By Matt Caputo
By Devon Maloney
By Chris Chafin
By Village Voice
By Katie Moulton
By Hilary Hughes
By Gili Malinsky
By Bob Ruggiero
Talking to Welcome Wagon is like talking to Welcome Wagon's biggest fans. The Brooklyn duo—Reverend Vito Aiuto and his wife, Monique—refer to their sacred, ad hoc folk group as if it were a present left on their doorstep: "We're not quite bystanders, but it feels like we built a house and we were two of the people who worked on it," explains Vito. Monique describes everything—friends, recordings, even reviews—as "gifts." When I ask them to name their favorite songs on their debut, Welcome to the Welcome Wagon (Asthmatic Kitty), they run into trouble. " 'American Legion' always makes me cry," Monique decides. Vito picks "Up on a Mountain," but when I point out that the plaintive, pretty song about Jesus in the garden of Gethsemane is one of the few songs he wrote on an album packed with covers, he recants: "I take that back, then. My favorite song is 'Half a Person.' And I like the Smiths' version better."
That kind of modesty permeates Welcome Wagon's story. Vito and Monique, a writer and an artist originally from Tecumseh, Michigan (population: 8,574), had a simple reason for learning to play music: "I had that corny idea of the dad getting out the guitar after dinner," says Vito. "Embarrassing, I know." They were in their twenties, but wanted to have kids soon. Everyone encouraged them to play more—one musician friend would accompany them to church, come over for dinner, and ask to hear their songs afterward. ("It was quite a gift he gave us," notes Monique). Others from Resurrection Williamsburg—a Presbyterian church, just east of the Marcy J/M/Z stop, where Vito is senior pastor—helped fill out their band. Their friend Sufjan Stevens asked Vito to play with him, and later arranged and produced Welcome to the Welcome Wagon. Finally, Vito and Monique welcomed their son, Isaiah, eight years after they began teaching themselves music—now that's planned parenthood.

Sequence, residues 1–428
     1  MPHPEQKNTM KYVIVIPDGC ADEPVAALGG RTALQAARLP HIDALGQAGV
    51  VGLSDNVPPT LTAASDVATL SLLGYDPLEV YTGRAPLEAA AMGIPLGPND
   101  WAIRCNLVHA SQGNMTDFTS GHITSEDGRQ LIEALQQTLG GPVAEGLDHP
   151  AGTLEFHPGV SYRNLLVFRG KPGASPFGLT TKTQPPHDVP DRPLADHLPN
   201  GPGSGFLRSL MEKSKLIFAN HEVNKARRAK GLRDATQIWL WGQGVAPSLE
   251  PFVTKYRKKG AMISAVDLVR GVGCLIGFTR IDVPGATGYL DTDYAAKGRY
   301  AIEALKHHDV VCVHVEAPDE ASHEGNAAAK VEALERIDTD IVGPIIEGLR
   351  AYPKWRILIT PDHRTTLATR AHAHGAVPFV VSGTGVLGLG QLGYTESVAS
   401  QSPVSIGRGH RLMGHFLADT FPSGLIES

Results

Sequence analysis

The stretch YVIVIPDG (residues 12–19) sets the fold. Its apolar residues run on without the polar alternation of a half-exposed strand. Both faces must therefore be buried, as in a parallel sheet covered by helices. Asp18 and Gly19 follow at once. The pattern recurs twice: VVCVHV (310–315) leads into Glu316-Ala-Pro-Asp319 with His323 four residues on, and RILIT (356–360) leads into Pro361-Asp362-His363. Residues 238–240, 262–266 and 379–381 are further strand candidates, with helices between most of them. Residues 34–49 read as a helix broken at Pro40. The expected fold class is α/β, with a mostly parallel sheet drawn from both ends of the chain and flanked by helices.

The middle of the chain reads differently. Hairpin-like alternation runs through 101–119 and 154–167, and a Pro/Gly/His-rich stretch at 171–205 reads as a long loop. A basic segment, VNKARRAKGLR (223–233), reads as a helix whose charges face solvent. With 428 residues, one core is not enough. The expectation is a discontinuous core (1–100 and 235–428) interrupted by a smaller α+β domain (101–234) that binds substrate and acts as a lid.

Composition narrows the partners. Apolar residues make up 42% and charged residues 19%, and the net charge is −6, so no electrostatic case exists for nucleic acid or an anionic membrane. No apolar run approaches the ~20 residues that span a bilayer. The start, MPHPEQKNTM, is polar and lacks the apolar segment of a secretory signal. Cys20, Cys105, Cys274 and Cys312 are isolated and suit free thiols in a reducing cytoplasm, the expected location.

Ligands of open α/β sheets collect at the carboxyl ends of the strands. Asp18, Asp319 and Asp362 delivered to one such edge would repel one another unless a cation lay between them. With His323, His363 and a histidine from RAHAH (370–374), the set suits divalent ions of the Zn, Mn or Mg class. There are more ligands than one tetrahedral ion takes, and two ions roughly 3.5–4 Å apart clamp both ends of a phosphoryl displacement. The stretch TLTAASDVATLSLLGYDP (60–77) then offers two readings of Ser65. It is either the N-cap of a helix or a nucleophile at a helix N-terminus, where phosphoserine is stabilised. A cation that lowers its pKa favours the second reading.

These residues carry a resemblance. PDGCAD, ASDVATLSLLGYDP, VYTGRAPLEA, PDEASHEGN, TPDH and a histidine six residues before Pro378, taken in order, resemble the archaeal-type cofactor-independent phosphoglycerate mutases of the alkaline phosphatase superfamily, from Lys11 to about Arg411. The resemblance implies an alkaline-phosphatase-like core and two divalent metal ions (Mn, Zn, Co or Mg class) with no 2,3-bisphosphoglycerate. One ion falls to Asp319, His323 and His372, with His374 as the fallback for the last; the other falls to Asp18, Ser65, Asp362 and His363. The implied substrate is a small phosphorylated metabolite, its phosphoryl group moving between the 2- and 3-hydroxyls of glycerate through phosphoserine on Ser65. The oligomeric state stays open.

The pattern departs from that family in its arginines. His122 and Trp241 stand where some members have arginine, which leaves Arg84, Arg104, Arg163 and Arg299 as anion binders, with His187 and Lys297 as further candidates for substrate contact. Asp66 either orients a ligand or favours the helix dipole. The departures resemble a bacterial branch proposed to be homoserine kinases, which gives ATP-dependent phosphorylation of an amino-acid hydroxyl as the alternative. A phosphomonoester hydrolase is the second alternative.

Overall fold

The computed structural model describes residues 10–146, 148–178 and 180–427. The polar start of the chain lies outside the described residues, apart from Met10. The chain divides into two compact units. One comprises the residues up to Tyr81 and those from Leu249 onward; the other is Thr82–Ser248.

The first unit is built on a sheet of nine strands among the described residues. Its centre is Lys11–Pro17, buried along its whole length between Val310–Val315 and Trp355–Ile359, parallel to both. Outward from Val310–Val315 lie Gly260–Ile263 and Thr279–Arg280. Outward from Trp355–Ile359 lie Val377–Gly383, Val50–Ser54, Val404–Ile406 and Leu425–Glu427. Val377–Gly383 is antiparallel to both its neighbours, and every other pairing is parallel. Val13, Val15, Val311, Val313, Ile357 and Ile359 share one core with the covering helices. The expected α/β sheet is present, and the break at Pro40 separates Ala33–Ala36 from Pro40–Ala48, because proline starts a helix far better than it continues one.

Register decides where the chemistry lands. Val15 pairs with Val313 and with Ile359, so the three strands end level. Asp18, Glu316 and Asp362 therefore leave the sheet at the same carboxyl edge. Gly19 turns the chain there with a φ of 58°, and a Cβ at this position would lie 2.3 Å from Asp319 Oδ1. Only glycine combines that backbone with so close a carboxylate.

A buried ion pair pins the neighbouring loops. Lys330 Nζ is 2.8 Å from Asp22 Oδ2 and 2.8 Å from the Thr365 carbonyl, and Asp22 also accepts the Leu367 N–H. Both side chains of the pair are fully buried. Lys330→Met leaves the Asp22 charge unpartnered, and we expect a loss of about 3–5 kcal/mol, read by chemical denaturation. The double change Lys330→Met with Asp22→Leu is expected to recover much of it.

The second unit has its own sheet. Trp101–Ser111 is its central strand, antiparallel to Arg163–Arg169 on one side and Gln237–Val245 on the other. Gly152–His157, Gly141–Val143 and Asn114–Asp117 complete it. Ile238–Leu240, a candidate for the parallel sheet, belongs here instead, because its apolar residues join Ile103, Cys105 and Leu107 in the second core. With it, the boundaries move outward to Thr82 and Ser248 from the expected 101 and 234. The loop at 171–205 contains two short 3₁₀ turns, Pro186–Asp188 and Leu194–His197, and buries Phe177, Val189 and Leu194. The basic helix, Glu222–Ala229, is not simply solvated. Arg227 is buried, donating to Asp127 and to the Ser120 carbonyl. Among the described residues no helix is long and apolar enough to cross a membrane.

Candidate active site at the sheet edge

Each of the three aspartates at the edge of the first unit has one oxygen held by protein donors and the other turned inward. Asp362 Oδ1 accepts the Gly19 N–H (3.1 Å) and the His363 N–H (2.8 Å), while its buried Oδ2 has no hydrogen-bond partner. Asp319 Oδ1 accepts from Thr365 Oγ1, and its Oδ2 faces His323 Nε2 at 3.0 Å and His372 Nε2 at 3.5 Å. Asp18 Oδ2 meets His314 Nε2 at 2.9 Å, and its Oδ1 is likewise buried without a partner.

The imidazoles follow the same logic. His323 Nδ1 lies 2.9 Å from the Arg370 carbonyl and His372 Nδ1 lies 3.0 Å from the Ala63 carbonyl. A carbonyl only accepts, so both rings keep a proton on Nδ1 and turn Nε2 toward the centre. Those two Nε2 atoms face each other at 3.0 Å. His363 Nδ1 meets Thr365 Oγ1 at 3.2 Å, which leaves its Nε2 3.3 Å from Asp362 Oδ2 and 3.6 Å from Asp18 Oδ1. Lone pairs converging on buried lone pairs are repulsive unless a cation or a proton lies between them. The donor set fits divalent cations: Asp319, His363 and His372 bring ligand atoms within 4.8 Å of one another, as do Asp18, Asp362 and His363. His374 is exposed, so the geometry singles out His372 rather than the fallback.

Their album isn't like most contemporary worship music; it doesn't glorify a personal relationship with Christ. Instead, Welcome Wagon talks about the communal aspects of Christianity: friends, family, church. There are a few originals, but also several traditional gospel songs, plus covers ranging from the Danielson Famile to the Velvet Underground. Stevens's arrangements dress up their living-room-sized folk songs with Sufjan-sized flourishes of brass, banjo, and strings. Modesty prevails, though: Their CD-release party will be their first show at the Resurrection's home base; cover is $10, unless you bring some canned food for charity. Consider it a gift.
Welcome Wagon perform at St. Paul's Lutheran Church December 9